Yeah, yeah, yeah, now Bill’s on that Password kick.
Today, it was LinkedIn that had their passwords compromised with a leak. There is an announcement of that sort of thing every day. If it isn’t a website, it’s someone’s bank, or even something as simple as a padlock on the shed.
Yes, that last bit happened to me. I was in the backyard opening my shed and someone was watching me over the hedge. Very Creepy, and thankfully they have moved on. However I was muttering the four digit code while I was setting the lock and the “individual” actually repeated it back to me. I slipped at that point and lost the combination. The lock is long gone.
It has been said that for safety’s sake you are supposed to change your passwords monthly. If you work on a computer, and who doesn’t these days, you can be subject to that being enforced. You walk in on the first day of the month for example, and up pops a window demanding you to change it.
Now lets look at this. You just changed work’s password. You’re reading this that I’m hosting on www.Blogger.com . Blogger uses its own password. It’s linked into the www.Google.com suite of sites so that means I have a www.gmail.com account. Add to that the email accounts that I have for each of the companies and charities I consult for, my professional account, the various stores like www.jcpenney.com that I shopped at just this morning to buy a sauce pan, and you see the point…
It Gets Ridiculous.
I don’t know what the solution is. If you write it down on a sticky and place it somewhere it can get lost or stolen. I have a file that has password hints on it, but I couldn’t tell you the last time I changed it.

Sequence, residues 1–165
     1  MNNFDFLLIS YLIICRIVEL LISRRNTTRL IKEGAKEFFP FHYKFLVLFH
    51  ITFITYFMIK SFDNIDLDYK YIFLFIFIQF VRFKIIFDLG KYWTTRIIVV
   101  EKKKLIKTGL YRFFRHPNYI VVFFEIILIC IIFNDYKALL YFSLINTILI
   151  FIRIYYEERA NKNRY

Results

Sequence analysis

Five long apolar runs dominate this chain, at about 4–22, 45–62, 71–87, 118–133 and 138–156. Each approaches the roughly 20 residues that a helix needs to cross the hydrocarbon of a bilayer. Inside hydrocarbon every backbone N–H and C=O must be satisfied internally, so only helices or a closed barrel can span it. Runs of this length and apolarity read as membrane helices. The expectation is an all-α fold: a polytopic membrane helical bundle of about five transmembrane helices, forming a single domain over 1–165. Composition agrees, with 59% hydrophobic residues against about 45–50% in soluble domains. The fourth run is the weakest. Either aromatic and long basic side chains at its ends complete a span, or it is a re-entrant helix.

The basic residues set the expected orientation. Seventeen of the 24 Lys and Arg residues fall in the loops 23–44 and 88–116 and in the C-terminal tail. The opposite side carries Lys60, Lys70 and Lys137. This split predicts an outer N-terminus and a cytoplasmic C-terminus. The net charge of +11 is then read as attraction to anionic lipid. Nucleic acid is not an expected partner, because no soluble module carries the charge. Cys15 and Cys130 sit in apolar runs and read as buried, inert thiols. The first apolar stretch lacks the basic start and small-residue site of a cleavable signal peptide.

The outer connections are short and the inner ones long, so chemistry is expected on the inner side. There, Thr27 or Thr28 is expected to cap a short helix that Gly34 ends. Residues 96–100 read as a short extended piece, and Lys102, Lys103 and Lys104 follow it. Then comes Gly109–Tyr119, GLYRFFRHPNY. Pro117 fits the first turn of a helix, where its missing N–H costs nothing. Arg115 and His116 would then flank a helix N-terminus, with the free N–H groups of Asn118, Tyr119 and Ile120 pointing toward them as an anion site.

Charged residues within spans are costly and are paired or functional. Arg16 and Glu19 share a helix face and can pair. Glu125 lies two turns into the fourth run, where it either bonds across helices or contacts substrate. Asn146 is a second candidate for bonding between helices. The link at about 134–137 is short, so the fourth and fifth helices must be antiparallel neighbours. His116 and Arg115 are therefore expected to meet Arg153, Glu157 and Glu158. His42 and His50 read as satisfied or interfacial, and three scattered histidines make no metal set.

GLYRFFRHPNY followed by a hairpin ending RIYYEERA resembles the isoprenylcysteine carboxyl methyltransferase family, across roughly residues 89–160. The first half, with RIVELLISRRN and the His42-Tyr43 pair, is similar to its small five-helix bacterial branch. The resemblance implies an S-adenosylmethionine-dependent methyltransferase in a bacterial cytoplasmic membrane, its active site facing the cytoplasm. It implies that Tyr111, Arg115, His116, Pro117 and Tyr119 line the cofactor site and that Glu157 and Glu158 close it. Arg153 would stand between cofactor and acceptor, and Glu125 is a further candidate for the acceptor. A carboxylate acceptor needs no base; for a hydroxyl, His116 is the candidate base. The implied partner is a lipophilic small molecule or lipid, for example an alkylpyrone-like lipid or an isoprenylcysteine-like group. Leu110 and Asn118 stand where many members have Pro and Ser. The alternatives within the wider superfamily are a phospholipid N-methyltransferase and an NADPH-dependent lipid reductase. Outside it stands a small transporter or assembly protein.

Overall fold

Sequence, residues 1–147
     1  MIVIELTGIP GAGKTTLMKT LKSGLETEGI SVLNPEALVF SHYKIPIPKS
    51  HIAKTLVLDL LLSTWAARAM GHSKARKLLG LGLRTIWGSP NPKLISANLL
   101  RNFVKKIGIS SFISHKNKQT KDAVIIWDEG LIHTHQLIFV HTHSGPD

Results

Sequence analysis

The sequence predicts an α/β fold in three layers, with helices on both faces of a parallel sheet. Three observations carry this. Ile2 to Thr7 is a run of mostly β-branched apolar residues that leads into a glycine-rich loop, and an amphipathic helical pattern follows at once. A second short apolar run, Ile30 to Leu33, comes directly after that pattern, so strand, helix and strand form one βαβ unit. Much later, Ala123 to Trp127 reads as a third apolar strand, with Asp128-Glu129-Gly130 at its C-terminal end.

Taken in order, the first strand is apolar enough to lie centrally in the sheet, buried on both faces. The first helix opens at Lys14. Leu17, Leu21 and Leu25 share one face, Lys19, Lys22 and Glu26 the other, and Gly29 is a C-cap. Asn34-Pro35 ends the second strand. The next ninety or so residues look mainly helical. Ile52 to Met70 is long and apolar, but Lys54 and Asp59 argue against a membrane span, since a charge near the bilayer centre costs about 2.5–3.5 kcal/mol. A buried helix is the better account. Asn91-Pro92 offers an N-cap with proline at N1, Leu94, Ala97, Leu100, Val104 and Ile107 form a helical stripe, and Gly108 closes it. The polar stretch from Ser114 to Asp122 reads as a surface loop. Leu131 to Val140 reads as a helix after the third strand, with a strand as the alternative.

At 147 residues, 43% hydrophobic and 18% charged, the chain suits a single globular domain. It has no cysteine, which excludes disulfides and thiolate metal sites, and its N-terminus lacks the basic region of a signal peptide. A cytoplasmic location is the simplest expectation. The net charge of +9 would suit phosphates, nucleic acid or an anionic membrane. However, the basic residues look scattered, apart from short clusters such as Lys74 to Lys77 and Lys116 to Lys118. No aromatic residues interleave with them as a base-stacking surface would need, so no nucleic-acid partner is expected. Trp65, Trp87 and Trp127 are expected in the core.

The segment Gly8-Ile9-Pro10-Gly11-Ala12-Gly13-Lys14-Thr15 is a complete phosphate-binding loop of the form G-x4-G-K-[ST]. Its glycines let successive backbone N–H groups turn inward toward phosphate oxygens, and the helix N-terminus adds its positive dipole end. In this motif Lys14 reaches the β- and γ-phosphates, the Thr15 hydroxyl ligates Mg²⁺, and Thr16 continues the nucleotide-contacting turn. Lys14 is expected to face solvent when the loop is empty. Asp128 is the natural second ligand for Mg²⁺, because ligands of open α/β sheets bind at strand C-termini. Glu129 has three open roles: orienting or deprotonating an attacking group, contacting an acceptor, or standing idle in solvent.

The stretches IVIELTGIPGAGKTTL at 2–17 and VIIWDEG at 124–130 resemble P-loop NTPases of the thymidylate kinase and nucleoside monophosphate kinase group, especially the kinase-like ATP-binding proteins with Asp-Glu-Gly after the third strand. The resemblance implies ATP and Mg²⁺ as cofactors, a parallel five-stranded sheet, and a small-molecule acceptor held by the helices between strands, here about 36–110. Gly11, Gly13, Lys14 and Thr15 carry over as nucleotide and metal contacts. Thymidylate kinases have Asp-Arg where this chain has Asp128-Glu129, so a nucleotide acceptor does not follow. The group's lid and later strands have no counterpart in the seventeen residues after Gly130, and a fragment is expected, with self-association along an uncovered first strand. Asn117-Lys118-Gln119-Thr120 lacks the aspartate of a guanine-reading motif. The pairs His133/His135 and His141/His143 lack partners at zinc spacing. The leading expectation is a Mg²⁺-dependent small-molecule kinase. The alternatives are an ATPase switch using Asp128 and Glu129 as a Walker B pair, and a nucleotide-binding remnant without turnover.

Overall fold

I’m guilty too and I deal with this Security Stuff every day.
The worst case scenario is where you have company websites that insist that you use a strange code that isn’t meaningful for a password. Randomly generated. Just pick a password by slamming your hand down on the keyboard – I just flat out don’t remember those. That particular annoyance is at an HR site run by a large company that uses SAP for their internal software. Not only is my password random, but my username is too. I don’t even bother trying to remember. Just click on the button that says “I Forgot” because that’s useless to try to remember something like 9ea4b1c and pretend it is meaningful.
At least think about it. I’m going to try to come up with something new since too many of my own passwords have been gravitating toward something I’ve been using for a while now.
Oh yes, it is a bad idea to have all your passwords be the same thing. If you’re doing that and saving that password in your browser, I personally want to congratulate you on making a huge mistake. Go into your browser, Now, and delete all those passwords. In Firefox Click on Tools, Options, then the Security Tab. Click on the Saved Passwords button and then Remove All, then close. You also should have the check box next to “Remember Passwords” and “Use a Master Password” unchecked.
For other browsers, you’re on your own. I used Firefox almost exclusively.
The benefit of doing things this way is that you are forcing yourself to remember the passwords. The problem with that method is that you end up gravitating toward a few passwords – like I have.
It sounds paranoid, but that’s basically what “they’re” telling you to do every month. Every blasted site. More than 100 in my case.
Well, no time like the present… I’ll get back to you.